The speculative text Social Consciousness Pedagogy synthesizes intriguing ideas from disparate fields to suggest beneficial modifications to human belief systems.
Charles Pidgeon’s Social Consciousness Pedagogy draws on multiple disciplines to argue that the mind matters most.
Pidgeon begins from the premise that modern psychology puts forth a number of principles that can be used to facilitate interpersonal communication. With this in mind, the book proposes a twist on the serenity prayer, substituting “mind” for “God”:
May the mind grant us the serenity to accept the things we cannot change, the ability to change the things we can, and the wisdom to know the difference.
Pointing to examples from neuroscience, the book asserts that the body/brain system, and the daily experience of embodiment, compose a person’s “preality” or personal reality, and that when individuals understand their own preality, it aids in relationship building—as between people with religious perspectives, and those who are atheist and agnostic, both of whom have orientations to ethics and the idea of being a good person to build from.
The book’s chapters on multiple religions, atheism, and agnosticism seek out the roots of human social wisdom in order to locate points of congruence and demonstrate common grounding in acceptance of reality and moral guidance. Found in human expressions of ethics and values, social wisdom, the book asserts, can be taught to children in order to help them develop maturity and the ability to interact with others.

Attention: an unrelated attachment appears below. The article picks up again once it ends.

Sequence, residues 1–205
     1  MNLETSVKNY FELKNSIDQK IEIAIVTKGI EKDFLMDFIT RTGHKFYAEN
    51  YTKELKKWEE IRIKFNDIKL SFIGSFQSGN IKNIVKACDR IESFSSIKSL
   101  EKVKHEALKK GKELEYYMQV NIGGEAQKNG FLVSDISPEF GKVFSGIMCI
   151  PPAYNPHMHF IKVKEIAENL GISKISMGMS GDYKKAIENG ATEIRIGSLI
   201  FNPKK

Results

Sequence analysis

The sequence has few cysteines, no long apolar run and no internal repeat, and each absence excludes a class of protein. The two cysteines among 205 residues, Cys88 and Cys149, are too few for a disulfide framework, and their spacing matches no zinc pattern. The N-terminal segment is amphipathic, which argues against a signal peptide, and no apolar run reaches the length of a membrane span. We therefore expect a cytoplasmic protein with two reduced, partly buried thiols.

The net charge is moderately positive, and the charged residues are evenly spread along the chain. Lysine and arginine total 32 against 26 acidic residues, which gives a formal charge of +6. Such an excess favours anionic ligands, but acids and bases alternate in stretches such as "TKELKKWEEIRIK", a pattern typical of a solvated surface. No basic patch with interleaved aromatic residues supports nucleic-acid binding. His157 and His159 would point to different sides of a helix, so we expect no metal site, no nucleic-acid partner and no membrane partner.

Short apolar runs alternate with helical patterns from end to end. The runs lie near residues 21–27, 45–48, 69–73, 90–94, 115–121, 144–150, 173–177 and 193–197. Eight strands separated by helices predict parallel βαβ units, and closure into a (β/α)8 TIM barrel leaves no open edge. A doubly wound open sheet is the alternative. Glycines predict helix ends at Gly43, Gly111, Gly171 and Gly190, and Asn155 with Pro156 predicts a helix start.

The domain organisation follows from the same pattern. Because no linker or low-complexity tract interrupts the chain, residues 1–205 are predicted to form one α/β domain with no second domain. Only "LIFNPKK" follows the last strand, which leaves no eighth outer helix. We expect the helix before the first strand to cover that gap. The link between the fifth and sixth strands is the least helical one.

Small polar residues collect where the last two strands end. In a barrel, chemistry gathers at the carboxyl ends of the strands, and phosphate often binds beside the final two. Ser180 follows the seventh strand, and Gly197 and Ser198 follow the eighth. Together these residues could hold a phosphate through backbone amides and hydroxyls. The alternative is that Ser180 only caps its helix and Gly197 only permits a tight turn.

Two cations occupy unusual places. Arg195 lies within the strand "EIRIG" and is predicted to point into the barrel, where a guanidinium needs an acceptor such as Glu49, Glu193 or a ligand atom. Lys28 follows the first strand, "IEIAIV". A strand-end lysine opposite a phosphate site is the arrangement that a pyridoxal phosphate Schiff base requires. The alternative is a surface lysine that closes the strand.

While the book’s religious examples are concrete, its treatment of other disciplines is more vague, as when globalization is defined in contradictory and erroneous ways. Some assertions are baseless, such as the claim that “Moneymen have an epigenetic environmentally modified brain that seeks dopamine rewards in the ventral striatum when they accumulate money, power, and social status.” Here and elsewhere, scientific-sounding language is used to lend validity to unsupported ideas.
Broad in scope, the book wanders into questionable territory at times, as when it presents the unproven notion that serotonin is the root cause of autism, and compares LGBTQ+ people to abused women. Its suggestion that cognitive anchors may help people put their beliefs into action is sensible; its remark that the bodies of teenage girls serve as cognitive anchors for boys, dismissed as “human nature,” is misogynistic. Ultimately, the text’s interest in big ideas obscures the impact of its unexamined assumptions.
Much of the book leads up to the recommendation that the US replace the phrase “In God We Trust” on all of its printed money with “In Mind We Trust,” including a sample graphic of how this money would look. This combines with the book’s proposal of a switch to Mind Money: replacing bank logos on credit cards with images of the human brain in order to create cognitive anchors to associate collective spending power with one’s purchases. Such ideas are provocative, but without being made to seem feasible. Elsewhere, a long list of quotes from the Alcoholics Anonymous Big Book is shared without any context or analysis. The book’s illustrations, as of cartoon figures of women attending a group for domestic violence survivors, and its anecdotal sections written by high school students, also impede its sense of cohesion.
For the good of all people, the speculative text Social Consciousness Pedagogy synthesizes intriguing ideas from disparate fields to suggest modifications to human belief systems.
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